When North and South played together
The table tennis match was particularly sensational. The unified women’s team bested the supposedly “unbeatable” Chinese team and won gold, ending China’s nine-year streak at the World Championship. The moment was even dramatized in the 2012 film “As One.”
“On our bus rides, we got to talk a lot,” recalled Hyun Jung-hwa, the South Korean leader of the team. Although the athletes from both sides all spoke Korean, they had to overcome communication barriers because they used different words to describe moves like serve and smash.
“At first, we were negative about having a unified team,” Hyun told the JoongAng Ilbo, “because we were worried that South Korean players might not be able to compete in events. In table tennis, each country is limited to five players, but the International Table Tennis Federation was very considerate, allowing us to add five more to the original entry.”
At the end of the tournament, Hyun described a mix of emotions from the Korean athletes.
“Players from the North and South cried,” the 48-year-old table tennis legend recalled. “I gave Bun-hui [Hyun’s North Korean counterpart] a gold ring as a present and told her not to forget the memories of the unified team.”
Unlike table tennis, where both sides requested more players, the football team split the roster equally. Entry was limited to 18 players, so each side sent nine. A majority of the North Koreans were assigned to offensive positions and South Koreans to defense.
The team trained for one week in Pyongyang and one week in Seoul before spending their final two weeks in Portugal, where the tournament took place. Like the table tennis team, the football team’s parting was emotional. There was reportedly a lot of weeping when the song “Our Wish is Unification” played on the bus.
Unlike the World Table Tennis Championship and FIFA World Youth Championship in 1991, fielding a unified women’s ice hockey team for the PyeongChang Winter Olympics will be more difficult. While South Korea earned a spot by virtue of its status as a host country, North Korea did not qualify for the event. Since the final entry is limited to 23 players, the addition of three to eight North Korean players could mean the elimination of some South Korean players.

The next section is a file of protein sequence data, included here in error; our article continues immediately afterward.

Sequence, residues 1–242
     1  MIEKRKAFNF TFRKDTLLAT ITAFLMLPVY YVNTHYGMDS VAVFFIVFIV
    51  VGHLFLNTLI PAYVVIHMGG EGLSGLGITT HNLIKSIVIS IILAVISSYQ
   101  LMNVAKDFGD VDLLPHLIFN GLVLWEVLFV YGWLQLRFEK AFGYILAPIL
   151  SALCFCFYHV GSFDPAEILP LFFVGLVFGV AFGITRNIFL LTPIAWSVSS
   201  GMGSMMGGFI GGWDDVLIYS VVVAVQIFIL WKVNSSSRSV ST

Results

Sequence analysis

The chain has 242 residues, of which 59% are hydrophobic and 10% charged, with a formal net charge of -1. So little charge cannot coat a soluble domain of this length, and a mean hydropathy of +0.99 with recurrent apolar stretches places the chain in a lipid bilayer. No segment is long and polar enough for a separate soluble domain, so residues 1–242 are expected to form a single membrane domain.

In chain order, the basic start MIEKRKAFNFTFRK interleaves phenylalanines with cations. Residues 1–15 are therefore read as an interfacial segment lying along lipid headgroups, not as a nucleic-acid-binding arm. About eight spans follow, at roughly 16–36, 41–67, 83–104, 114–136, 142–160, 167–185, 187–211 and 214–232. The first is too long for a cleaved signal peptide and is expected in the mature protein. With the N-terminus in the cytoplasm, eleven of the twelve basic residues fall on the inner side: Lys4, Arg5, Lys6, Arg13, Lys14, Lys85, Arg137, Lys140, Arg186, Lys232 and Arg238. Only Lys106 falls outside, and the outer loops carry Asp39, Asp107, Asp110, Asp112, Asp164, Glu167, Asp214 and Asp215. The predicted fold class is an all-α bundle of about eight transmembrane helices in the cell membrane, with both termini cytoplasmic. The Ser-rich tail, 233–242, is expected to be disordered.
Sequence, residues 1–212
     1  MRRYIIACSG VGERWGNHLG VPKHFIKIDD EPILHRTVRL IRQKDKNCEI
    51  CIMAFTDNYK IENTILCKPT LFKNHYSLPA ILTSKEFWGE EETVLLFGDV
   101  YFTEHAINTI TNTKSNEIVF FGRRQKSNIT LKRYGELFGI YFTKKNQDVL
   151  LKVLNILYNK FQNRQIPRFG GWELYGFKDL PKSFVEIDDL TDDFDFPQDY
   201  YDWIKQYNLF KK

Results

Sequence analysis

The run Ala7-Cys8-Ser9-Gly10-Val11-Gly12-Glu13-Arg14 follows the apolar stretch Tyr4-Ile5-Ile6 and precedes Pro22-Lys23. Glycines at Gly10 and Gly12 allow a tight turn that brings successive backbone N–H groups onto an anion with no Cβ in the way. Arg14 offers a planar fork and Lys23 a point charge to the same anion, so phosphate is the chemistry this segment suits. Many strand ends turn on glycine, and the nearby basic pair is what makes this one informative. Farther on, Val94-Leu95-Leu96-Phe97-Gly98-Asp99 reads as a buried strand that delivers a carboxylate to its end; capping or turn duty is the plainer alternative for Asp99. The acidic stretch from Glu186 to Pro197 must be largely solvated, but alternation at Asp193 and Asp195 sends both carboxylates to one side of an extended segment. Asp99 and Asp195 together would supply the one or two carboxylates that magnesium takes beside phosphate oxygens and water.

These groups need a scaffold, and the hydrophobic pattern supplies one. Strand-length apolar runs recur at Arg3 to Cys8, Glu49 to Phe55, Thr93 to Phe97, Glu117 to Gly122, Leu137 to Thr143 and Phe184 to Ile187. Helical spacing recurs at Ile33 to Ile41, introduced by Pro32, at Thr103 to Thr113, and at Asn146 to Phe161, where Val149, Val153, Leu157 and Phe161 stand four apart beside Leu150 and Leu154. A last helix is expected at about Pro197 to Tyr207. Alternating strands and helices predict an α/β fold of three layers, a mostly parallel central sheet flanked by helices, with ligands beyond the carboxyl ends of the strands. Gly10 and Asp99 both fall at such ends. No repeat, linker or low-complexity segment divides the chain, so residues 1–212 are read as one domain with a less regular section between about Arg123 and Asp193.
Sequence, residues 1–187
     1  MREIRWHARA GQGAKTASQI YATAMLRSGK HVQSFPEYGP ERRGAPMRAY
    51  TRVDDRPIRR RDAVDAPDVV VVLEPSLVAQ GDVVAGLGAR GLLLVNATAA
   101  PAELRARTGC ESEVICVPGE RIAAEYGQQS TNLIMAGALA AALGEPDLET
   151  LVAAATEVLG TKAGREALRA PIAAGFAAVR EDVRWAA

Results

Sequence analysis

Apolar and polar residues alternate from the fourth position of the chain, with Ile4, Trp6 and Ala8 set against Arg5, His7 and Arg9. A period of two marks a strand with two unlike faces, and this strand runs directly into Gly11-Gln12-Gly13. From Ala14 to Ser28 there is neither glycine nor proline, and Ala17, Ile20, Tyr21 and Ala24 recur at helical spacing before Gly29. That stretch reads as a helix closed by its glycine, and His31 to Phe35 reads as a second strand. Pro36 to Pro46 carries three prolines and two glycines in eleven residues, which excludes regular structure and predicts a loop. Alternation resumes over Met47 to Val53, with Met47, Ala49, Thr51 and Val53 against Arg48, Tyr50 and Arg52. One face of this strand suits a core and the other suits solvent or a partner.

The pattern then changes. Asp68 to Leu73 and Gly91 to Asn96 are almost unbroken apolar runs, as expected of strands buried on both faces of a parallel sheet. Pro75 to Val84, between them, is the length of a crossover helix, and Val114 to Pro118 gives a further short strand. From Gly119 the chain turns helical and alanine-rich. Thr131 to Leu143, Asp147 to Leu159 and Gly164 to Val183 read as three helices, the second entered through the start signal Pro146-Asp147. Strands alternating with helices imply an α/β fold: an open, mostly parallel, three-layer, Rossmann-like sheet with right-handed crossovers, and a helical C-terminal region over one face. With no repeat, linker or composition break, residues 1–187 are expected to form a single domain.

And even if the International Olympic Committee allows the two countries to have more than 23 players on the team, only 22 will be allowed on the ice per game.
Still, the biggest problem facing the women’s ice hockey team is lack of communication. The players still have not received any word on the matter, relying on news reports for updates.
“I heard about it [a unified team] on our way back to Korea from offseason training in the United States on the 19th last month,” said Han Su-jin, a forward on the South Korean women’s ice hockey team.
Han expressed her fear of some players losing their spots after training for five to 10 years and only receiving pay of 60,000 won ($56.40) a day from the national team. Some Koreans have taken their opposition of a unified team to the Blue House, positing a petition on the presidential office’s website.
Hyun emphasized that a unified team could turn into a “political show.” Although the table tennis player believes that a unified team is needed for future generations, it will only make matters more difficult if players are forced to compete as one.
“It is sad that there was lack of communication with ice hockey players,” said Ryu Seung-min, a Korean member of the IOC who will attend a meeting on Jan. 20 to discuss the possibility of a unified team. “Players’ opinions should be respected, and the government and Korean Olympic Committee promise to minimize the damage to players.”
BY PARK RIN, KIM JI-HAN [email@example.com]